What Went Horribly Wrong in Former Red Sox Prospect Lars Anderson's Development?

Mike Rosenbaum@GoldenSombreroMLB Prospects Lead WriterAugust 2, 2012

BRADENTON, FL - MARCH 13:  Infielder Lars Anderson #78 of the Boston Red Sox rounds the bases after his home run against the Pittsburgh Pirates during a Grapefruit League Spring Training Game at McKechnie Field on March 13, 2011 in Bradenton, Florida.  (Photo by J. Meric/Getty Images)
J. Meric/Getty Images

The Red Sox parted ways with former uber-prospect Lars Anderson on Tuesday afternoon, trading him to the Cleveland Indians for knuckleballer Steven Wright—seriously, a knuckleballer.

There were once high hopes for the 24-year-old first baseman, as he skyrocketed through Boston’s farm system, reaching Double-A in his age-20 season. After that, however, came a free fall of regression, featuring mediocre performances at both Double- and Triple-A, and blown opportunities during three separate cups of coffee with the Red Sox.

Selected by the Red Sox in the 18th-round of the 2006 draft, most teams passed on Anderson due to concerns over his signability. However, Boston inked him for $825k—well above the suggested slot bonus.

A 6’4”, 215-pound left-handed hitter, Anderson enjoyed his best season in 2008 when he batted .317/.417/.517 with 51 extra-base hits and 107 K/75 BB between High- and Double-A.

Anderson’s impressive 2008 campaign led to his ranking as the Red Sox No. 1 prospect and No. 19 overall prospect headed into the 2009 season, according to Baseball America.

Spending the entire season at Double-A, Anderson’s stock took a major hit when he batted .233/.328/.345 in 119 games. Failing to hit double-digit home runs for the first time in his minor league career, the slugger also posted a disconcerting 114 K/63 BB, exposing a hole in both his swing and approach.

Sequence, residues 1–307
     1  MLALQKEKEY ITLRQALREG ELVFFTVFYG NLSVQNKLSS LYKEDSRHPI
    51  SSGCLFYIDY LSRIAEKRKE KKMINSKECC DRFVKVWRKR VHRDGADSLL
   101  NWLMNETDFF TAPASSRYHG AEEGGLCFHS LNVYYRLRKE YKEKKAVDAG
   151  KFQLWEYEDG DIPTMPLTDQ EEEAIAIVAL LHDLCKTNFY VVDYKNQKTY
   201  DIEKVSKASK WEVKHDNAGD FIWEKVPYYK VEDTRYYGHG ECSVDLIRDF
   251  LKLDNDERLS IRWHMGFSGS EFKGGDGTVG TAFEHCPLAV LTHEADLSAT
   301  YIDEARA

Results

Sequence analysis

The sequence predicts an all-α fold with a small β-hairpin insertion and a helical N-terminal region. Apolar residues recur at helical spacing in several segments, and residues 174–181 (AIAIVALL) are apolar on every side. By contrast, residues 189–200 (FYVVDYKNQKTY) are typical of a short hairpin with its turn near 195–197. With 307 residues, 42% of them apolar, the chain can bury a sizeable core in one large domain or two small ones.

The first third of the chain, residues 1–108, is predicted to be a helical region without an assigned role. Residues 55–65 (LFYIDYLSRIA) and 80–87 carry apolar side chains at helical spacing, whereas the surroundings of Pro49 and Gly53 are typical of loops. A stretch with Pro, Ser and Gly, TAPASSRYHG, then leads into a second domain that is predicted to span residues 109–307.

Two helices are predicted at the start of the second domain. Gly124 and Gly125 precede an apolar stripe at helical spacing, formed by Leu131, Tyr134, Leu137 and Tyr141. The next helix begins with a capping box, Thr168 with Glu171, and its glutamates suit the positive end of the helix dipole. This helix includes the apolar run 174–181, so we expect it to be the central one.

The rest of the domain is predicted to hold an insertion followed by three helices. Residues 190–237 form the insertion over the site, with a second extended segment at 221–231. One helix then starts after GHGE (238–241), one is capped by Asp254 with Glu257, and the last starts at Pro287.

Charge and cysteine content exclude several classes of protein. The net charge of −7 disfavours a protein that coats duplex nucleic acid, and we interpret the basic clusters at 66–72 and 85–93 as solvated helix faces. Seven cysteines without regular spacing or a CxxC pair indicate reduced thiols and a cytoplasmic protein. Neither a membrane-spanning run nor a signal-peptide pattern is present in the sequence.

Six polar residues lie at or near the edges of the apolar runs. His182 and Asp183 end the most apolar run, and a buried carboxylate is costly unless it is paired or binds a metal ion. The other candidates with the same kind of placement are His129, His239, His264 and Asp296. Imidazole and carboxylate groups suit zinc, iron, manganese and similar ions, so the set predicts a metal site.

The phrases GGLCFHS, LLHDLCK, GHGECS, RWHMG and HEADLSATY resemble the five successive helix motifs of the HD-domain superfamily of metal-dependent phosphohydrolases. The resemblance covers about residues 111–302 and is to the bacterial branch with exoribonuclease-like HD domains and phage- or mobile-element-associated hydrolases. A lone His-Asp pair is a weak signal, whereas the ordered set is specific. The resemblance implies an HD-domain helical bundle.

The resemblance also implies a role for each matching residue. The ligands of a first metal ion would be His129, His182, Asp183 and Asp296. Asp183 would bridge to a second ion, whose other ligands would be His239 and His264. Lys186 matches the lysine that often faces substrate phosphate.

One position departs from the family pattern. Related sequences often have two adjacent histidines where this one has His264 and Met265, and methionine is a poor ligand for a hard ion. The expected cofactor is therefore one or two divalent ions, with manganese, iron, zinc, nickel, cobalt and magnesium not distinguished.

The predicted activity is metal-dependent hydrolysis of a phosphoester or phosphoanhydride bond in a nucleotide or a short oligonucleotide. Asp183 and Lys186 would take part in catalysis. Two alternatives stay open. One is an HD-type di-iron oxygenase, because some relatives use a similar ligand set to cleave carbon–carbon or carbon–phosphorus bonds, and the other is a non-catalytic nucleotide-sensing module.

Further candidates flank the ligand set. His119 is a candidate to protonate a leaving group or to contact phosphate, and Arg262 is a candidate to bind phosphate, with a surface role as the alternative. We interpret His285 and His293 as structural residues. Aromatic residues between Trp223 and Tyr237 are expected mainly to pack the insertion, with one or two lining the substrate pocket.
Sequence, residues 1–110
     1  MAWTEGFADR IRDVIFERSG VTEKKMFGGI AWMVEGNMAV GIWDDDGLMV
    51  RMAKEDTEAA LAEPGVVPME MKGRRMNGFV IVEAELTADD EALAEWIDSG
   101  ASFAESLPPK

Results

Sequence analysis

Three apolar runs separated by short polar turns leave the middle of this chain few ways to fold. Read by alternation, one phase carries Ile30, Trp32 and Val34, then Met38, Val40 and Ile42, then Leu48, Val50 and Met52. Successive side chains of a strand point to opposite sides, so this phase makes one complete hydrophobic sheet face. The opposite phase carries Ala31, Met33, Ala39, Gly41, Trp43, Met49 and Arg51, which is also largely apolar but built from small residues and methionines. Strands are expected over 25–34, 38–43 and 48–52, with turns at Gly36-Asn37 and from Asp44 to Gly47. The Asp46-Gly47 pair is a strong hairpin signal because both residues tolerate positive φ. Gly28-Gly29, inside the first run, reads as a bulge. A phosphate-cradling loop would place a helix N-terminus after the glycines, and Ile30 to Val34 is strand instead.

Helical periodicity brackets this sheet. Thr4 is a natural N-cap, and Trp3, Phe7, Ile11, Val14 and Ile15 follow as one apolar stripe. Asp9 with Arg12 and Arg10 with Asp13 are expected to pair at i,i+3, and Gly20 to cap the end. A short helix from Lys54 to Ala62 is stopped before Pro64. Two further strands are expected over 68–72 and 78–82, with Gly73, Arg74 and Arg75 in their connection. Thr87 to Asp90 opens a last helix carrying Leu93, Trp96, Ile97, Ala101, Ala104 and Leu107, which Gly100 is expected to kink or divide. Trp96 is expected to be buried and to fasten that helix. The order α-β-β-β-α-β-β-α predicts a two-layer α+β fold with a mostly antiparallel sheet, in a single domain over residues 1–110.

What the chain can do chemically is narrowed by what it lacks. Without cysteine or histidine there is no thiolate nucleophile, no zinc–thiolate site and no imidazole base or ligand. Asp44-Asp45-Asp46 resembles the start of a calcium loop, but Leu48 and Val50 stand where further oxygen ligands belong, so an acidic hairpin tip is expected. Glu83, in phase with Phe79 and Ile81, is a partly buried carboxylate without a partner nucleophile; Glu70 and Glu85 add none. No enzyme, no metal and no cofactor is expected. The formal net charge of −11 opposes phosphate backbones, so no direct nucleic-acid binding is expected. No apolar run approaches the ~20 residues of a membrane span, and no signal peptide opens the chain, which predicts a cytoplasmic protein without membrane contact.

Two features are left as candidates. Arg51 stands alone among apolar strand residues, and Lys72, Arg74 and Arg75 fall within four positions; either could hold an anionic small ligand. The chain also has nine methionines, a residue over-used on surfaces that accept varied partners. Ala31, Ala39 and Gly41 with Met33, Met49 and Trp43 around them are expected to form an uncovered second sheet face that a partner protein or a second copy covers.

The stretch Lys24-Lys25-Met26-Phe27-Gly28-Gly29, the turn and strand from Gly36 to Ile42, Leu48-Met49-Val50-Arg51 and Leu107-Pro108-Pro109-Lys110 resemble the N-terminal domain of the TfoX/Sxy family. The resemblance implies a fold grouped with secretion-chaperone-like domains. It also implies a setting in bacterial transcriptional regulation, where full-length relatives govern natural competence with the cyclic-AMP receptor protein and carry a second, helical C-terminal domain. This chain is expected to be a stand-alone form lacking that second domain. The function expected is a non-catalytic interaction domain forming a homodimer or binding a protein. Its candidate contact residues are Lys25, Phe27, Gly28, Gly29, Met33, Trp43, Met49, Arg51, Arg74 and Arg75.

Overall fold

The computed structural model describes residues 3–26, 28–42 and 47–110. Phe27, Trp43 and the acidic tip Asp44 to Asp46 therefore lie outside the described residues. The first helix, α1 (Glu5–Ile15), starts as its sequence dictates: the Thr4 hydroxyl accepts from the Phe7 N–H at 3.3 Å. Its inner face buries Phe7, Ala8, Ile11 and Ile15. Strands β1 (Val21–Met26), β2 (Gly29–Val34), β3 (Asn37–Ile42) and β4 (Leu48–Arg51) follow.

He began the 2010 season at Double-A, again, and after a hot start was promoted to Triple-A. Although his power numbers stabilized, Anderson’s swing-and-miss tendency intensified as he recorded 125 K/51 BB.

However, he did receive a September call-up with Red Sox, appearing in 18 games and posting a .554 OPS in 43 plate appearances.

As expected, Anderson didn’t impress enough in his cup of coffee for a crack at first base, and once again spent the season at Triple-A.

And, once again, after another season of mediocrity, he received a cup of coffee in September of 2011. The left-handed hitter was hitless in five at-bats while appearing in six games.

Although he didn’t break camp with the team this season out of spring training, Anderson was recalled for a week towards the end of April. Playing in six games, he recorded one hit in eight at-bats before a demotion back to Triple-A.

Over the last three seasons, there have been countless opportunities to incorporate Anderson’s left-handed bat into the lineup. Therefore, the fact the Red Sox seemingly explored every possible alternative conveyed a strong lack of trust—he didn’t fit into their long-term agenda.

Despite Anderson’s impressive on-base skills, his power has vanished in recent years. Given his status as a first-base prospect, his below-average power (relative to the position) simply doesn’t profile in the major leagues. The power is definitely still there, it’s just a matter of squaring up the baseball with greater consistency.

The Red Sox clearly identified the concerns with Anderson’s offensive ceiling years ago, so it’s somewhat surprising that he hasn’t already been moved.

But it’s not like the Red Sox haven’t tried.

Anderson’s name was in the mix during discussions to potentially acquire Roy Halladay in 2009. He was almost dealt for Rich Harden around this time last year and was mentioned as part of a deal to land Andrew Bailey this past offseason.

His contact rates may never improve and there’s a strong chance he’ll never tap into the robust power, but for a player who was considered one of the game’s top prospects just a few years ago, perhaps a change of scenery is just what he needs.